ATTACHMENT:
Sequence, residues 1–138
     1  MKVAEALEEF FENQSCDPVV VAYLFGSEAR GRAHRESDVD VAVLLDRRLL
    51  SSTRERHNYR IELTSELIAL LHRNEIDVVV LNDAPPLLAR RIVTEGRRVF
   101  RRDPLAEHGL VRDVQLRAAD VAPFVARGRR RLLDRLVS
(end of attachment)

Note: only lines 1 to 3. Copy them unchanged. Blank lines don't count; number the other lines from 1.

Sequence, residues 1–138
     1  MKVAEALEEF FENQSCDPVV VAYLFGSEAR GRAHRESDVD VAVLLDRRLL
    51  SSTRERHNYR IELTSELIAL LHRNEIDVVV LNDAPPLLAR RIVTEGRRVF